Jacob Robinson, a third grade student at Chapel Hill Elementary School, did not attend his afternoon classes last Wednesday—he was busy testifying before state legislators in Annapolis.
Jacob, 8, spoke to the House Environmental Matters Committee in support of a bill that would place restrictions on the sale and growth of plants that cause economic, ecological or environmental harm or pose human health risks.
According to the bill, some harmful plants, including the mile-a-minute weed and Japanese honeysuckle, would be outlawed from the state. Retailers would be forced to clearly label other types of harmful plants as invasive species.
This is Jacob's second attempt at supporting a bill that restricts invasive plant species. "It was introduced last year, but it did not make it out of the House Environmental Matters committee," said Dennis M. Robinson Jr., Jacob's father and president of the Perry Hall Improvement Association. "Over the last year, we worked with a committee of people from different agencies, organizations and businesses to draft legislation that is acceptable to the interested parties."
The father and son team said they hope to see the bill pass in the General Assembly before the session's end.
A copy of Jacob's testimony, provided to Patch by his father, is included below:
TESTIMONY OF JACOB ROBINSON REGARDING HOUSE BILL 831
ENVIRONMENTAL MATTERS COMMITTEE
MARCH 9, 2011, 1:00 P.M.
Chairwoman Macintosh, Vice Chairman Malone, and Distinguished Members of the Environmental Matters Committee:
Good afternoon, my name is Jacob Robinson. I’m back! Some of you may remember that I was here last year to testify about a bill to inform consumers about invasive plant species. It is my pleasure to appear before you today to testify in support of a similar bill, House Bill 831. I am eight years old. I am in the third grade at Chapel Hill Elementary School in Baltimore County, and I started an environmental club at school called “Kids Keeping It Green and Blue.” I enjoy participating in environmental projects like tree plantings and clean-ups in my community. Of course, I was upset that the bill did not pass last year. I am happy that the Department of Natural Resources, Department of Agriculture, and other organizations worked together over the past year to write a bill that will help the environment.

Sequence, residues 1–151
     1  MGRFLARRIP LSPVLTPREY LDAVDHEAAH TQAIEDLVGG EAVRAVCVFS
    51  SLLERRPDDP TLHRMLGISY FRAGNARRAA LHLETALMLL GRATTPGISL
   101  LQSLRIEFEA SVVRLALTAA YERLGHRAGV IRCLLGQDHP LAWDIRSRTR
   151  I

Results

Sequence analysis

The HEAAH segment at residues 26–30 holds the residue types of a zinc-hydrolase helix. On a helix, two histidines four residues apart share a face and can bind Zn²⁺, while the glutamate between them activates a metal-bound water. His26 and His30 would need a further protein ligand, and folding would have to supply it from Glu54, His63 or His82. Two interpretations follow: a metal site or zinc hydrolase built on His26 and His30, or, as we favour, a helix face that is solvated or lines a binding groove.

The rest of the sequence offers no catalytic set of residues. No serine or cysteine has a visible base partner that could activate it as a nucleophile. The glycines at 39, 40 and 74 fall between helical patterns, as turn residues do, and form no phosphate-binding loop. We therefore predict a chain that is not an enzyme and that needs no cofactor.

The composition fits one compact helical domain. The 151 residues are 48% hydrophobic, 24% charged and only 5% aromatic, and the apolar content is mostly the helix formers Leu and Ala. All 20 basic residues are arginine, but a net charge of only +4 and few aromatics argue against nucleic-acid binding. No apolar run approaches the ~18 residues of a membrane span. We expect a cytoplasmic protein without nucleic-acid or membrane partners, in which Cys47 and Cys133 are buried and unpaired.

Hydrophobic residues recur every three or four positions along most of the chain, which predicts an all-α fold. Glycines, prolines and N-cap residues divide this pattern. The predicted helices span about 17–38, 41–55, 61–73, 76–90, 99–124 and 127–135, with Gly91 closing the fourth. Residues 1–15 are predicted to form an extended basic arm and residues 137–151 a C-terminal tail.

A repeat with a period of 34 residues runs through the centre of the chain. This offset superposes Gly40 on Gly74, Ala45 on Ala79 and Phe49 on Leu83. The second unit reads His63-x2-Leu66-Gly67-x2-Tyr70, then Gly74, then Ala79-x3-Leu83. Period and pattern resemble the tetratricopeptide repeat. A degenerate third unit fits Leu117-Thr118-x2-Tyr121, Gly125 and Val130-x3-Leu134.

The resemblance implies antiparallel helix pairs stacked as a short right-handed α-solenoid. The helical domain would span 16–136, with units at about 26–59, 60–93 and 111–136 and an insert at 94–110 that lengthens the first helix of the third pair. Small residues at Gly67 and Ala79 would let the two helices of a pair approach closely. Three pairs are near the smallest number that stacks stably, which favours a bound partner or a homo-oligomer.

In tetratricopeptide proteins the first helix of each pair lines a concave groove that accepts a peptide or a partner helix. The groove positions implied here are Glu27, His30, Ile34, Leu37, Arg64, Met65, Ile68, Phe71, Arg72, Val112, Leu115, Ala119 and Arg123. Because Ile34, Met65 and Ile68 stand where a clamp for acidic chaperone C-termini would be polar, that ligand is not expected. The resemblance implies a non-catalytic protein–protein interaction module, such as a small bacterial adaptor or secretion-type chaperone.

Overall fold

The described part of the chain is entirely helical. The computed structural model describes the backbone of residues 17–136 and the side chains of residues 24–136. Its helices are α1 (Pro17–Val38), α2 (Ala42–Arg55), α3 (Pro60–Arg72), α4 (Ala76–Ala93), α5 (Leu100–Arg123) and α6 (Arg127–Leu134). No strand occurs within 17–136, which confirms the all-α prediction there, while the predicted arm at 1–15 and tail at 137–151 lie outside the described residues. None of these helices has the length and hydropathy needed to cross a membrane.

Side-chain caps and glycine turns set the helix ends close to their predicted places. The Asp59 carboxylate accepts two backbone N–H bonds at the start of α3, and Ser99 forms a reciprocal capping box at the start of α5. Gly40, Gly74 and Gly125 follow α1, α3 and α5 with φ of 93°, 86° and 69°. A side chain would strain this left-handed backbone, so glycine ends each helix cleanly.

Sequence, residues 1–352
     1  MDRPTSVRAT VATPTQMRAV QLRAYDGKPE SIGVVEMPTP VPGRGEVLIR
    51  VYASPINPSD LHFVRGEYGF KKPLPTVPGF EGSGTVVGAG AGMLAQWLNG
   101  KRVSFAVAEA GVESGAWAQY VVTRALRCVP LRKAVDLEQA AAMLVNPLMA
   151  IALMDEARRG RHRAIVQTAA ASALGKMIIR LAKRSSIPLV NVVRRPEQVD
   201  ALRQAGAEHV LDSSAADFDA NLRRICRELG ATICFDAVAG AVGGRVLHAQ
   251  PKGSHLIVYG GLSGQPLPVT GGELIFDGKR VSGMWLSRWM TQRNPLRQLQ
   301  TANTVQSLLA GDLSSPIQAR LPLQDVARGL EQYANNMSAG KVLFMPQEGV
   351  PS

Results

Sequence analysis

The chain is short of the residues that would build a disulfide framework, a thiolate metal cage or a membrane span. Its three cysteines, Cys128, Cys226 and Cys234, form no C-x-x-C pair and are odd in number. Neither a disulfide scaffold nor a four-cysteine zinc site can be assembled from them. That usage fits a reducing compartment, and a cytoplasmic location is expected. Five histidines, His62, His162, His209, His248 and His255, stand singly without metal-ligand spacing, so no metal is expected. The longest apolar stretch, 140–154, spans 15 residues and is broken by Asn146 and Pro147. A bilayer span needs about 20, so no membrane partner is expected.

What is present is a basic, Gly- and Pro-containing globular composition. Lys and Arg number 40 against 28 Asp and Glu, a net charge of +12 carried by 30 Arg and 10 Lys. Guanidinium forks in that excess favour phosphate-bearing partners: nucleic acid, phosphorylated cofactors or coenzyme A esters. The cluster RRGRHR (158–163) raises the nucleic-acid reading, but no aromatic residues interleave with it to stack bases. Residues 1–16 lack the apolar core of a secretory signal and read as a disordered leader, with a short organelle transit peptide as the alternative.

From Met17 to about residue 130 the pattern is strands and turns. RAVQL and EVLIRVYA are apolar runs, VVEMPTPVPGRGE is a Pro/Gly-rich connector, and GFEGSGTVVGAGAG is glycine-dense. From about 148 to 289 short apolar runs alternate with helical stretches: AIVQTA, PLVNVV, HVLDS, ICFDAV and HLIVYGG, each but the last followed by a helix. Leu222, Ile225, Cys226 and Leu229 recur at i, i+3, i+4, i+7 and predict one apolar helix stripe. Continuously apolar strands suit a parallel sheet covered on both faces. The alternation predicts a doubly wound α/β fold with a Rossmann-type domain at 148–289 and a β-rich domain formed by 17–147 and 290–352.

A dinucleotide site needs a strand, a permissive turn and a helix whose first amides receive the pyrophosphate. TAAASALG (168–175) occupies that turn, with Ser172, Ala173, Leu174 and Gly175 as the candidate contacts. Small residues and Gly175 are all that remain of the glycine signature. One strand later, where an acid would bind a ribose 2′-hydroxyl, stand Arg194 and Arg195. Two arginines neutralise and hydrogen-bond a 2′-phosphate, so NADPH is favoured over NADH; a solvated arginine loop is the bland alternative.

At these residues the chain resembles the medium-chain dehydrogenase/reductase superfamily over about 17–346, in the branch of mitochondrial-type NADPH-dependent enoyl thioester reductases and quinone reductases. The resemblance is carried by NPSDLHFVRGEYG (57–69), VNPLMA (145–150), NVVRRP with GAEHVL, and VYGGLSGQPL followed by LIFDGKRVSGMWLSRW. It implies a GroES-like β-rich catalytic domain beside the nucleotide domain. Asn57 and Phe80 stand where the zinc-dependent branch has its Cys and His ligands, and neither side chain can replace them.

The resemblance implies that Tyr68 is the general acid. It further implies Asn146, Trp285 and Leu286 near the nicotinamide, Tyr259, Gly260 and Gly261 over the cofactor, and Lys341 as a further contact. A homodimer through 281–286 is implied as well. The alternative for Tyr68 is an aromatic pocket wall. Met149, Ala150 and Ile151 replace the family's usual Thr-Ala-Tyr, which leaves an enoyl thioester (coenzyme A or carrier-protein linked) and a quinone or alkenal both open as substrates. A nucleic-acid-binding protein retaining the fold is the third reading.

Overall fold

I love animals, and I know we have to help the environment to help preserve their natural habitats. I learned about invasive plants when I volunteered with my daddy at Marshy Point Nature Center to pull out an invasive vine called Mile-a-Minute. It’s called Mile-a-Minute because it can grow very long in a short period of time. There was a lot of it growing up trees and bushes and on the ground. It was growing everywhere, and we pulled out so many plants that we made a giant pile.
When I went with my mommy to buy plants for our gardens, I told her that I did not want to plant any invasive plants, but we had a bit of a problem. Even though my mommy did research on invasive plant species, we still had a hard time figuring out if a plant that we liked and thought would look nice in the garden was invasive. I asked her why the plants that were bad for the environment were being sold and why they were not identified as invasive. She told me that there is no law that requires stores to inform customers about invasive plants. I asked her how we could get them to identify the invasive plants, and she told me that I had to work with daddy to submit a bill to the legislature. This year, my daddy worked with a committee of people to write a bill that would be acceptable to different agencies and organizations.
I think this bill is a very good idea because it will let people know if a plant is invasive and harms the environment before they decide to buy it. The more people who buy invasive plants, the more they will spread. If people are notified about invasive plants, hopefully people will not buy as many.
Thank you very much for listening to me this afternoon. I hope I can count on your support for House Bill 831. Any questions?